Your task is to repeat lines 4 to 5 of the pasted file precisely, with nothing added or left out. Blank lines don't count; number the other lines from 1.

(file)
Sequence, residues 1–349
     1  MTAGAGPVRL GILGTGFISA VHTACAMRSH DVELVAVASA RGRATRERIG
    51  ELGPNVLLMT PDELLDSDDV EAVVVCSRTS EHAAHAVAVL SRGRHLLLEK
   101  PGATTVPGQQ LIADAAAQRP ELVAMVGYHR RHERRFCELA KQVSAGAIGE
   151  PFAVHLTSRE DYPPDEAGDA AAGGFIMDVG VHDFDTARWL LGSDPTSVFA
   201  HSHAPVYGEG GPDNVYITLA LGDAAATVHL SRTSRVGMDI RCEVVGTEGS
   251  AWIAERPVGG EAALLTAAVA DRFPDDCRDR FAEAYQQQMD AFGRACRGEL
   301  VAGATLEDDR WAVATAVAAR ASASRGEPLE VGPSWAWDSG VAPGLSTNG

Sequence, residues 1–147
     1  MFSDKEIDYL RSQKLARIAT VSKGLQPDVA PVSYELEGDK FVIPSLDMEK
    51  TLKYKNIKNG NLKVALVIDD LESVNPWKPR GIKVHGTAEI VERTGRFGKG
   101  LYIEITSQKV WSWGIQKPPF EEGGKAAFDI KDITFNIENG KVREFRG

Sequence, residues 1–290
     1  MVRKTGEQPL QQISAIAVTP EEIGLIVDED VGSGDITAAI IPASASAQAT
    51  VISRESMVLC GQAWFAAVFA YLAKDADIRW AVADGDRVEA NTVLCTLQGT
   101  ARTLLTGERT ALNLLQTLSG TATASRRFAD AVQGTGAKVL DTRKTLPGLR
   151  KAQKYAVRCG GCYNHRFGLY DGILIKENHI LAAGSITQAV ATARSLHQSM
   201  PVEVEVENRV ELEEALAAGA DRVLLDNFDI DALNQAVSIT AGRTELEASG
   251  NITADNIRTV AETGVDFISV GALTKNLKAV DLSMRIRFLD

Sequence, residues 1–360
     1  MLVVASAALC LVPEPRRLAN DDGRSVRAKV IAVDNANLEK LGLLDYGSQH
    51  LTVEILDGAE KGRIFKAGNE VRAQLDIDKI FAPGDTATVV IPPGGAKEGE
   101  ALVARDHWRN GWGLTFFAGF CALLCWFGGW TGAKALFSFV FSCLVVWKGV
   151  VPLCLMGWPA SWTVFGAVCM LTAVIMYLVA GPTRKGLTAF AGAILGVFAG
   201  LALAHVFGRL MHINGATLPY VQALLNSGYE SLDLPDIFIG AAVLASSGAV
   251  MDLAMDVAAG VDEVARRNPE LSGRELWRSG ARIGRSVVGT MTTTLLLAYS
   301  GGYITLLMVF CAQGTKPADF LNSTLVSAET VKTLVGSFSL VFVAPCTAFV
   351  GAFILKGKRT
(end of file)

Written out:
   101  PGATTVPGQQ LIADAAAQRP ELVAMVGYHR RHERRFCELA KQVSAGAIGE
   151  PFAVHLTSRE DYPPDEAGDA AAGGFIMDVG VHDFDTARWL LGSDPTSVFA